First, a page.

Music: 15 years of charlie

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The Independent Culture

The year's most meticulously researched and widely discussed music book was The Colonel (Aurum £19.99) in which Alanna Nash tells "The Extraordinary Story of Colonel Tom Parker and Elvis Presley". Parker wasn't actually a colonel: indeed he was discharged from the US army for being a psychopath. And until he was 20 he wasn't Tom Parker either. Born Andreas van Kujik, he was a carnival huckster who, Nash contends, fled his native Holland for the US because he had bludgeoned a woman to death. Equal parts Machiavelli and Svengali, and a con-artist through and through, he discovered the ultimate carnival attraction gyrating its pelvis at county fairs in 1955. Elvis signed a contract that gave Parker 50 per cent of his earnings and complete control of his career. With the exception of the suspected murder, these bare facts were all widely known by Elvisologists, but Nash has crafted her material - 90 per cent new, we are assured - into a gripping psychological drama full of astounding hubris and needless tragedy.

The day Elvis died, the Colonel flew to New York to negotiate a merchandising deal, pioneering the entertainment industry's posthumous marketing of artists. Since Tupac Shakur was murdered in 1996, he has released eight albums (twice as many as in the 25 years he was alive) and his position as a significant 20th-century musician looks ever more assured. His canonisation continues apace with Tupac: The Resurrection 1971-1996 ed Jacob Hoyle and Karolyn Ali (Simon & Schuster £20), a big, golden book in which an autobiographical narrative is pieced together from lots of little quotes and proclamations, and The Rose That Grew From Concrete (Pocket Books £12.99), a collection of poems that he wrote when he was 19 and a member of a writing circle. Both are handsomely produced, with lots of reproductions of his own handwriting and doodles. He'd probably be embarrassed by the baby photos on show, and should certainly cringe at most of the earnestly adolescent poetry. But in both books he evinces an acute political awareness, a talent for communicating powerfully and directly, and a sensitive side that wasn't always evident in his music.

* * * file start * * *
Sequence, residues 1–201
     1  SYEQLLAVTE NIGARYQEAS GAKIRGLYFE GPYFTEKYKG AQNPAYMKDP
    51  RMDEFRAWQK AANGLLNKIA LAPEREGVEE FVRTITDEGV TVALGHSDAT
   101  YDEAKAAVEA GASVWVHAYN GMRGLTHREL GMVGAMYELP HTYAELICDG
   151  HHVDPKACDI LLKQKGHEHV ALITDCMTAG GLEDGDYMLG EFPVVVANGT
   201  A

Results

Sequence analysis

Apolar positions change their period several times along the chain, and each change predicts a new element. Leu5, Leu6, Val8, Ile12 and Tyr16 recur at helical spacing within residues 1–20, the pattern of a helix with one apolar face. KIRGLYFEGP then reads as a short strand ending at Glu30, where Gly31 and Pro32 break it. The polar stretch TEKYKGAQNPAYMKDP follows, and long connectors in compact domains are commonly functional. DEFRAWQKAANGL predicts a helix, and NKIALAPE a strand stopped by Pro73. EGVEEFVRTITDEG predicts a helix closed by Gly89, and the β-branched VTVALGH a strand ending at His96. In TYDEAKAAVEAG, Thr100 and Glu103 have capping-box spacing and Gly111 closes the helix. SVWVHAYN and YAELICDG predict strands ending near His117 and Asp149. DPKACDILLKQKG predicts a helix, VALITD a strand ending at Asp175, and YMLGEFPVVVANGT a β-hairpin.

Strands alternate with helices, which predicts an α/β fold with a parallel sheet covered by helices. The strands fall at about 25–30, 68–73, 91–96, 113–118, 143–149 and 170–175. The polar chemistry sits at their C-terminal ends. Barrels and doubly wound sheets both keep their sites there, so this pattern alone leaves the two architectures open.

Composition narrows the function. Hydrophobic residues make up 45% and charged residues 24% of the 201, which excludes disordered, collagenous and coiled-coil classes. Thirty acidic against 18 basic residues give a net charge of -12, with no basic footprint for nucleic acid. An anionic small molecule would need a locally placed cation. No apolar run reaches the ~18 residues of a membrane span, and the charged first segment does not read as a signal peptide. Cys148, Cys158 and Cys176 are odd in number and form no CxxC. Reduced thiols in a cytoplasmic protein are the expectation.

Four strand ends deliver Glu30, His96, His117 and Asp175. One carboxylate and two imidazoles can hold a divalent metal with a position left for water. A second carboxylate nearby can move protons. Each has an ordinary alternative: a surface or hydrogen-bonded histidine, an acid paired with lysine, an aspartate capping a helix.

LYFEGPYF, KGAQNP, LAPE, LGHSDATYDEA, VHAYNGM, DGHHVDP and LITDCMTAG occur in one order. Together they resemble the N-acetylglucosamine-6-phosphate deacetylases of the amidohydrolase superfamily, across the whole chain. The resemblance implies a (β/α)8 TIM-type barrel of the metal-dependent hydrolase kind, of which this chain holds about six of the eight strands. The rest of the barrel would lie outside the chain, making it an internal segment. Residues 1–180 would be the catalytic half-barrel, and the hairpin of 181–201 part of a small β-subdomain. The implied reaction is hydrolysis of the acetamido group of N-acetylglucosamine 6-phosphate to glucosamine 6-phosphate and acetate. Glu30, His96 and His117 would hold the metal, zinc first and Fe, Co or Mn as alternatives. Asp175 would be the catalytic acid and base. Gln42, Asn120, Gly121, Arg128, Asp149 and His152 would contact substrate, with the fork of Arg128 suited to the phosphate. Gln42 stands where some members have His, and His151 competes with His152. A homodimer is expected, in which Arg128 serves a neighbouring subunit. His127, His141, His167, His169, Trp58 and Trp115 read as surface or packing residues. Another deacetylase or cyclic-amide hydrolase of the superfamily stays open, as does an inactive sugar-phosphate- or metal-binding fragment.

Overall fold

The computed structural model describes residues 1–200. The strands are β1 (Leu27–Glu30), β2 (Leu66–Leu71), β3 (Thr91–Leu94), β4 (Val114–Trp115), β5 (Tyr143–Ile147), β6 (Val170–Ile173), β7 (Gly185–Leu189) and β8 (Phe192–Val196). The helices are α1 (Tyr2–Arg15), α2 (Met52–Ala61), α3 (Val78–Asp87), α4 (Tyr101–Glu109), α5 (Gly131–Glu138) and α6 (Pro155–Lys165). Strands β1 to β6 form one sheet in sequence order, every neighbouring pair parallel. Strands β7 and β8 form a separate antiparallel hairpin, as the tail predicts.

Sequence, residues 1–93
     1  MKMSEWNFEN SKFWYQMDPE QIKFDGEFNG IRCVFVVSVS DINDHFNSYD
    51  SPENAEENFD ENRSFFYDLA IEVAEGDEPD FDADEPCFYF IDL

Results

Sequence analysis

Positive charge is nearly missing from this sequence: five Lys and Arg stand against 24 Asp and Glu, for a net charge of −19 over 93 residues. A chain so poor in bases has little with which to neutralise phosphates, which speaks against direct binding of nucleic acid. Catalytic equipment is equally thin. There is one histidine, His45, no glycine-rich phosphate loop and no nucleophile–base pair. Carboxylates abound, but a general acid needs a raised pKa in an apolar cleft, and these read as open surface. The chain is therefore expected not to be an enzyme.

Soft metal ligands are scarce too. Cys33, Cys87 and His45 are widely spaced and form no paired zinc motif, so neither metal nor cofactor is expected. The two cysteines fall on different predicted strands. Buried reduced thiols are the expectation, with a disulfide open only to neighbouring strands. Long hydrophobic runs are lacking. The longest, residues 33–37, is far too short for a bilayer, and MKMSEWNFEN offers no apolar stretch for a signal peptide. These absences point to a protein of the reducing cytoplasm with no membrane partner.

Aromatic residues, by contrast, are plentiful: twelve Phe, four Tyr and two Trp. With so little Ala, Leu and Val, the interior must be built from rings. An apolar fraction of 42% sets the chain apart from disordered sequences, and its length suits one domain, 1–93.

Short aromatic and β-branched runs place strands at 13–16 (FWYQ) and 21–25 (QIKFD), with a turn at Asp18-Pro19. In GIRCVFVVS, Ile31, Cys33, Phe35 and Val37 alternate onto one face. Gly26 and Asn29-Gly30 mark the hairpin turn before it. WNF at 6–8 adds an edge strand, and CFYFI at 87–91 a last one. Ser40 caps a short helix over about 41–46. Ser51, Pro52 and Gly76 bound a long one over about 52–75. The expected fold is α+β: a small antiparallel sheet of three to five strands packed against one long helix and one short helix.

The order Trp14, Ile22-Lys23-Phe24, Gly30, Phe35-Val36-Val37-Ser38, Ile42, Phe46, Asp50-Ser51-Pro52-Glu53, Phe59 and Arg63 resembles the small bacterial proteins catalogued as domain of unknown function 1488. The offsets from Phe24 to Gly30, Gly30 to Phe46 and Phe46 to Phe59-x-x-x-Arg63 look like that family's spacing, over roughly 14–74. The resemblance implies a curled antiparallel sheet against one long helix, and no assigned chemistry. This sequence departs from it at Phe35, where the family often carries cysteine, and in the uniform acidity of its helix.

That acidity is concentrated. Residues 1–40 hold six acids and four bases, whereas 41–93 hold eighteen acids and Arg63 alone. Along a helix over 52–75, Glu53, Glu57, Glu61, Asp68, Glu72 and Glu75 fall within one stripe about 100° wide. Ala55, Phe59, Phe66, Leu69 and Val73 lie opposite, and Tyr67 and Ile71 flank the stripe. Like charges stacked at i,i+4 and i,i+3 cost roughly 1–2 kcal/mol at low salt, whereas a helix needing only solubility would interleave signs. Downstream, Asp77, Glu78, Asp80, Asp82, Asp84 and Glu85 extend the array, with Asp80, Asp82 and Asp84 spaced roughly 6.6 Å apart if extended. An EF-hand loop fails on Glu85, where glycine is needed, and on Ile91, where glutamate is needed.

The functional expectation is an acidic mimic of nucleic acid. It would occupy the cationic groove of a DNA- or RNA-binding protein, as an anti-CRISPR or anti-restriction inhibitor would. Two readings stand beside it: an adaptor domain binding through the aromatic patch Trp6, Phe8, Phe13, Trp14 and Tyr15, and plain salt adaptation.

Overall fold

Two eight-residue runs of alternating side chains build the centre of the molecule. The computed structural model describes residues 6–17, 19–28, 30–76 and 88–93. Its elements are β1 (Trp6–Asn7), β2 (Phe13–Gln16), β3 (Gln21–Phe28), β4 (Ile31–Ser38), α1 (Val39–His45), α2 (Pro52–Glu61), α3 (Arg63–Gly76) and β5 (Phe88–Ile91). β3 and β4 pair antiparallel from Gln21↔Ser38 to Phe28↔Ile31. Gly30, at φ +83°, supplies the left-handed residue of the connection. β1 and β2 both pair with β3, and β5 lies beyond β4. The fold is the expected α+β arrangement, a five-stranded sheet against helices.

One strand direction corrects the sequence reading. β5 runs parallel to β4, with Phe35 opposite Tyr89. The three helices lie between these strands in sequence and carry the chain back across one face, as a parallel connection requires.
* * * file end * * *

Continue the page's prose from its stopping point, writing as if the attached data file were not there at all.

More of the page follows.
Aaliyah by Tim Footman (Plexus £9.99) is sugary and a bit tacky - a more conventional illustrated biography. But then her story, from precocious stage-schooled talent to photogenic R&B and film star is a more conventional one, albeit sadly curtailed by her death in 2001. Out in paperback is another notable picture book, Kylie la la la (Hodder £12.99). It contains 200-odd pictures, some of them candid, most of them artfully, beautifully, startlingly posed. She writes in her introduction that there are some photographs which "pave the way for absurd commentary to turn the viewer's perspective of a genuine image into something far from its concept or actuality". Which makes one glad she left the rest of the writing to William Baker, her friend and stylist. Baker doesn't much bother with biographical detail or musical appreciation; instead, he exhaustively catalogues the various photographers, designers and stylists that Kylie has collaborated with. The result is a surprisingly witty and perceptive overview of her career, and - taking it as read that her image is of at least equal importance to her music - one of her best pieces of work.

Then there's Iggy Pop - Biopic (Canongate £12.99), a wordless portrait by Gavin Evans from a 1996 sitting, in which Iggy looks like a knowing parody of his former self: wrinkled and covered in plasters, but remarkably healthy looking and still getting his willy out.

The story of rock'n'roll usually begins in 1955 with Chuck Berry and Little Richard, but in Ike Turner - King of Rhythm (Do Not Press £9.99) John Collis has written a prequel, detailing all of the young band leader and talent scout's early sessions and releases, and pinpointing 1951, when he recorded Rocket 88, as an equally valid year zero in the history of rock music. That done, Collis tails off in the mid-1970s, summing up the ensuing 15 years with the single word "cocaine", and he can be worryingly glib about Turner's womanising and violence.